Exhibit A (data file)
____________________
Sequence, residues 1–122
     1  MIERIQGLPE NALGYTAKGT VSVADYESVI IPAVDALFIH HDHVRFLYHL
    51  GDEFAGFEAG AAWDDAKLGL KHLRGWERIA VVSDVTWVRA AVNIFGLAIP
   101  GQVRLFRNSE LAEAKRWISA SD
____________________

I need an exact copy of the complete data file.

Sequence, residues 1–122
     1  MIERIQGLPE NALGYTAKGT VSVADYESVI IPAVDALFIH HDHVRFLYHL
    51  GDEFAGFEAG AAWDDAKLGL KHLRGWERIA VVSDVTWVRA AVNIFGLAIP
   101  GQVRLFRNSE LAEAKRWISA SD